That's second order intentionality. Normal humans past early childhood can understand others have independent thoughts. Third order is understanding that another person can think about the thoughts of a third party. Joe is thinking about Sam's thoughts of Sheila.

Fourth order is described by Mlodinow as required for literature. I have to understand or try to comprehend that writing a certain way will tell the audience that I believe Mlodinow thinks people behave and think certain ways. I as the first order think the audience as the second order will think Mlodinow as the third order thinks certain things about other people as the fourth order - and all these orders involve understanding thought at each level occurs. Seems complicated, but if you think through different examples it makes sense and is a natural way for people dealing with politics and running large groups to think. If you can't think this way you will have serious difficulties in certain social positions, especially of high authority or complexity.

It's been theorized humans can perform sixth order TOM thinking. I know that Sam is thinking about how Sarah feels about Joan thinking Pete feels Joe is upset about Tony loving Tina.

Huh. It's a bit complicated, but understanding people at this level is possible. But only for people and not animals.

Even a chimp can understand another chimp wants a banana or won't know things it can't sense, but it won't know another chimp knows it wants a banana. We're the only ones who can do this.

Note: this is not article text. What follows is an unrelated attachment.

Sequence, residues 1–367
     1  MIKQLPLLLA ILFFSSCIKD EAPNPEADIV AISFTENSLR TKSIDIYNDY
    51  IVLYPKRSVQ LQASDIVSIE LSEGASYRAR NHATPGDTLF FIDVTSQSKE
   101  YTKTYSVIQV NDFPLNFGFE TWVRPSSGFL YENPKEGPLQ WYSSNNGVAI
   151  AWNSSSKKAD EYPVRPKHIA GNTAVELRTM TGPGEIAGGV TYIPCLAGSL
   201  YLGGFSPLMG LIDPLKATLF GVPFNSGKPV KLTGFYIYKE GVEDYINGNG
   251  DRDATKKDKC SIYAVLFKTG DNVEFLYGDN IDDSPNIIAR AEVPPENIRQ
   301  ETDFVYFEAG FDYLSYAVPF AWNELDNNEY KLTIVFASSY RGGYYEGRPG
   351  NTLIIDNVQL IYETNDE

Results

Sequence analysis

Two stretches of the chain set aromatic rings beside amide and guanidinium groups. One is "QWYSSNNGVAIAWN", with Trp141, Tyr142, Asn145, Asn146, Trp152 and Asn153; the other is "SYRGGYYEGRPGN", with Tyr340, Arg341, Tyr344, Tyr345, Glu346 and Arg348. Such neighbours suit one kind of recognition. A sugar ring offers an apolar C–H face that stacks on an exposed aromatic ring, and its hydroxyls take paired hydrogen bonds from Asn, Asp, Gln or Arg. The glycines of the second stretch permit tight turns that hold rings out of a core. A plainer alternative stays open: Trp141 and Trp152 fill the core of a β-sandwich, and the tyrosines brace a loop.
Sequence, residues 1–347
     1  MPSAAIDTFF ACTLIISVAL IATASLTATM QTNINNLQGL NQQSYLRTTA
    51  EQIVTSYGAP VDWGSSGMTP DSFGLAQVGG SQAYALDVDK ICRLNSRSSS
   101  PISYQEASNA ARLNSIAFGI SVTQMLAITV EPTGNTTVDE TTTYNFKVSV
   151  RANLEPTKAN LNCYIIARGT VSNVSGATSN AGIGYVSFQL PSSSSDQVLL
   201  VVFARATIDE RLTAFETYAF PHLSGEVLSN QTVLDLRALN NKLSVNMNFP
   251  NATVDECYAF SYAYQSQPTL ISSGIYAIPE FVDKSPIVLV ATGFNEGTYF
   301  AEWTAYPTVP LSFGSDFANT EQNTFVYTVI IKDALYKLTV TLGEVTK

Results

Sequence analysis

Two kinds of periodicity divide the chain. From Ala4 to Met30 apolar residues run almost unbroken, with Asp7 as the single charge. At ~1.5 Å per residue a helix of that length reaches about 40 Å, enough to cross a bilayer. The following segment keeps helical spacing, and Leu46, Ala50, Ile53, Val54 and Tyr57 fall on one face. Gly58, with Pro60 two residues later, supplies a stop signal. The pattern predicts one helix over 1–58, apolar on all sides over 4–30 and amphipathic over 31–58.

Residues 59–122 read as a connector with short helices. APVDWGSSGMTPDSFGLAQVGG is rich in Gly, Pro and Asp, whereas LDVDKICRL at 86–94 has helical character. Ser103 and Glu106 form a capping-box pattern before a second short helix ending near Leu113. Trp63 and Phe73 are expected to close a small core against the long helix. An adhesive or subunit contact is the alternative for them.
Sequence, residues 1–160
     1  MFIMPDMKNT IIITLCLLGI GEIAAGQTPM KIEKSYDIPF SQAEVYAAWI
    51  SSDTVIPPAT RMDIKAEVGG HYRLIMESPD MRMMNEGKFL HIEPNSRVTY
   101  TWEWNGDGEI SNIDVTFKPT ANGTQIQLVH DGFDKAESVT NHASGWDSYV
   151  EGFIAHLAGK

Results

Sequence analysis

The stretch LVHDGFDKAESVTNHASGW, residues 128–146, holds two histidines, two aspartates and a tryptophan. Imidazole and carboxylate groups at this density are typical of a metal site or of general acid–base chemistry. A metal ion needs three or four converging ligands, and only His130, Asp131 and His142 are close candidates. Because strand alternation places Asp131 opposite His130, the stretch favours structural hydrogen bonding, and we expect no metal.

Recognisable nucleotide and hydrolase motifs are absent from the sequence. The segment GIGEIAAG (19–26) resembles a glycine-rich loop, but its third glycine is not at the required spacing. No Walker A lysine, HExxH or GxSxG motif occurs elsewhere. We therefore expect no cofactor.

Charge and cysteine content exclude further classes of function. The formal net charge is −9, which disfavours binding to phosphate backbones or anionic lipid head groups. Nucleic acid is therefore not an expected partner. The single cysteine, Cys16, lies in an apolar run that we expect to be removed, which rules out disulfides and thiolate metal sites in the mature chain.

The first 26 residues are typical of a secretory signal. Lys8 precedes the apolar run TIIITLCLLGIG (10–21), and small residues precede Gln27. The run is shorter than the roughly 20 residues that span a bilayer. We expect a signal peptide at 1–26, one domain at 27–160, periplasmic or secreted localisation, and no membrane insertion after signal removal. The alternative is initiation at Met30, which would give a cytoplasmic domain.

So, the point is we have the third and fourth order Theory Of Mind and no one else does. Without that capacity we wouldn't be able to have cities or well developed groups or communication that we to rely on every day.

TOM and high levels take a lot of brainpower to maintain. It's an expensive venture in terms of energy and brain capacity. It's been found the larger size of the neocortex proportional to whole brain size that corresponds to larger social groups for primates.  If you look at primate groups sizes you get  Gorillas under ten, Spider Monkeys twenty and Macaques at forty or so. Consistent ratio of neocortex size to whole brain size. For humans it been calculated to be 150 and called our Dunbar number. British anthropologist Robin Dunbar is credited with finding this number. It's not universally accepted as completely confirmed that 150 is absolutely right but our capacity to form complex groups with individual members understanding others and relationships of others through TOM is well demonstrated.

Two substances called oxytocin and vassopresin are related to bonding and monogamous behavior in many mammals. Some mammals that normally are unfriendly to young offspring of their own species upon becoming pregnant release oxytocin if female and change their behavior to be loving and bond as a mother.